I am scraping 23770 webpages with a pretty simple web scraper using scrapy. I am quite new to scrapy and even python, but managed to write a spider that does the job. It is, however, really slow (it takes approx. 28 hours to crawl the 23770 pages).

I have looked on the scrapy webpage and the mailing lists and stackoverflow, but I can't seem to find generic recommendations for writing fast crawlers understandable for beginners. Maybe my problem is not the spider itself, but the way i run it. All suggestions welcome!

I have listed my code below, if it's needed.

from scrapy.spider import BaseSpider
from scrapy.selector import HtmlXPathSelector
from scrapy.item import Item, Field
import re

class Sale(Item):
    Adresse = Field()
    Pris = Field()
    Salgsdato = Field()
    SalgsType = Field()
    KvmPris = Field()
    Rum = Field()
    Postnummer = Field()
    Boligtype = Field()
    Kvm = Field()
    Bygget = Field()

class HouseSpider(BaseSpider):
    name = 'House'
    allowed_domains = ["http://boliga.dk/"]
    start_urls = ['http://www.boliga.dk/salg/resultater?so=1&type=Villa&type=Ejerlejlighed&type=R%%C3%%A6kkehus&kom=&amt=&fraPostnr=&tilPostnr=&iPostnr=&gade=&min=&max=&byggetMin=&byggetMax=&minRooms=&maxRooms=&minSize=&maxSize=&minsaledate=1992&maxsaledate=today&kode=&p=%d' %n for n in xrange(1, 23770, 1)]

    def parse(self, response):
        hxs = HtmlXPathSelector(response)
        sites = hxs.select("id('searchresult')/tr")
        items = []      
        for site in sites:
            item = Sale()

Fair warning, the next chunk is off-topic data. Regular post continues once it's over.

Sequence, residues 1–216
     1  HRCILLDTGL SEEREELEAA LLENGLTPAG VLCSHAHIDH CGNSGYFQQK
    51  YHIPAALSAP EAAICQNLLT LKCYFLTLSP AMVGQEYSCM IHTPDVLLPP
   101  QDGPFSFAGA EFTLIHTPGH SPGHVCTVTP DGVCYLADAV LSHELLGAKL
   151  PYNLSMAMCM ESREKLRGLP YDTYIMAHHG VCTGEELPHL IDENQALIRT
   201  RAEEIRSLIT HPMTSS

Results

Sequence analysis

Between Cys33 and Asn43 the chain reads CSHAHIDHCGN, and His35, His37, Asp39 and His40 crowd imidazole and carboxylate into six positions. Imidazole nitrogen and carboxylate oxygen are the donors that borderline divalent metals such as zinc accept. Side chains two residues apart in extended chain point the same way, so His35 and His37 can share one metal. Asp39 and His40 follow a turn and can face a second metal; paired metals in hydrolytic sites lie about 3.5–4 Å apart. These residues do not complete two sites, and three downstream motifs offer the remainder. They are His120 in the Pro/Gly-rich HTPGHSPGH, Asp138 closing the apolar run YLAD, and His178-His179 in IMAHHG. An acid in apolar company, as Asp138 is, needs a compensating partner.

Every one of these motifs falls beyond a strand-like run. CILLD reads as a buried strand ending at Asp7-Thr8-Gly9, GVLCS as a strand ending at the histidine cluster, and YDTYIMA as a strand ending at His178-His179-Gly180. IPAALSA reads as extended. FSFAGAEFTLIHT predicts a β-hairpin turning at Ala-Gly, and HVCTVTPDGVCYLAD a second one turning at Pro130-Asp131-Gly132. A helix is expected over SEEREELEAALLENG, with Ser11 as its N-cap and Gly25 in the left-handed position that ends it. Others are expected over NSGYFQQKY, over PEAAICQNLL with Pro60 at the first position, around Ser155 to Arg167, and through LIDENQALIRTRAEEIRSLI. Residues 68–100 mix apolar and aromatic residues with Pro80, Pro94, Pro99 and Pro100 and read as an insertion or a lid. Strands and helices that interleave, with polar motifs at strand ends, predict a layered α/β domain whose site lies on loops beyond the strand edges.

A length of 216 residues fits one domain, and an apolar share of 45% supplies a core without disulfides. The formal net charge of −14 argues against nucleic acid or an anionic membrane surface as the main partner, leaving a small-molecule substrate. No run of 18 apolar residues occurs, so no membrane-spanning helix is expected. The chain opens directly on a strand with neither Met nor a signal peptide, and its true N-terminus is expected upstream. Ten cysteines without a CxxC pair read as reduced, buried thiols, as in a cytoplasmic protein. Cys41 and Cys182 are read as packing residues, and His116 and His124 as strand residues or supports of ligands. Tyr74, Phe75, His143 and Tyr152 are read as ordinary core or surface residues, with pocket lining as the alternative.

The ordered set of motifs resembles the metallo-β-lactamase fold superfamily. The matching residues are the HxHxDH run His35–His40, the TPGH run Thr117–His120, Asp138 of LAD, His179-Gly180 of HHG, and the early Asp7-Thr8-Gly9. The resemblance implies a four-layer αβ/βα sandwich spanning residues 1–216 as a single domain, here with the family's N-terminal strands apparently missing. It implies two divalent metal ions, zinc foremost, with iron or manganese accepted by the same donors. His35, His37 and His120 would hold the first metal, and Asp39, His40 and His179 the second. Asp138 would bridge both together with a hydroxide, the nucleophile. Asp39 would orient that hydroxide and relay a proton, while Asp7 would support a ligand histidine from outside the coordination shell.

item['Adresse'] = site.select("td[1]/a[1]/text()").extract()
            item['Pris'] = site.select("td[2]/text()").extract()
            item['Salgsdato'] = site.select("td[3]/text()").extract()
            Temp = site.select("td[4]/text()").extract()
            Temp = Temp[0]
            m = re.search('\r\n\t\t\t\t\t(.+?)\r\n\t\t\t\t', Temp)
            if m:
                found = m.group(1)
                item['SalgsType'] = found
                item['SalgsType'] = Temp
            item['KvmPris'] = site.select("td[5]/text()").extract()
            item['Rum'] = site.select("td[6]/text()").extract()
            item['Postnummer'] = site.select("td[7]/text()").extract()
            item['Boligtype'] = site.select("td[8]/text()").extract()
            item['Kvm'] = site.select("td[9]/text()").extract()
            item['Bygget'] = site.select("td[10]/text()").extract()
        return items


  • 1
    The first thing you can do about this is to use threads (see the relevant infos in the standard library doc), to run, say, 5/10 downloads at the same time, which may obviously result in a big execution time improvement. Apart from this, I don't see any easy way to speed up the things, as your code seems straightforward. – michaelmeyer Jun 10 '13 at 18:08
  • @doukremt: Thanks! I have looked at the documentation, and it seems pretty simple for what I need it for. Is it correctly understood that for each connection, I should call thread.start_new_thread(parse)? Or will I just get two connections each scraping all the 23770 pages? – Mace Jun 10 '13 at 18:22
  • scrapy is actually async, so it actually downloads in parallel (you can set how many concurrent requests it makes). – Capi Etheriel Jun 10 '13 at 22:43
  • @barraponto: In words that I as an imbecile will understand: Having two concurrent request will together get the 23770 pages, and not each download all of them, right? :) – Mace Jun 11 '13 at 19:09
  • @Mace scrapy is single threaded, but it downloads in parallel and processes the responses while it waits for the answer... that's what non-blocking or async means. it could, of course, be multithreaded, but it would add complexity to the code without real advantages since your throttle is the network calls, not the parsing code. – Capi Etheriel Jun 12 '13 at 21:21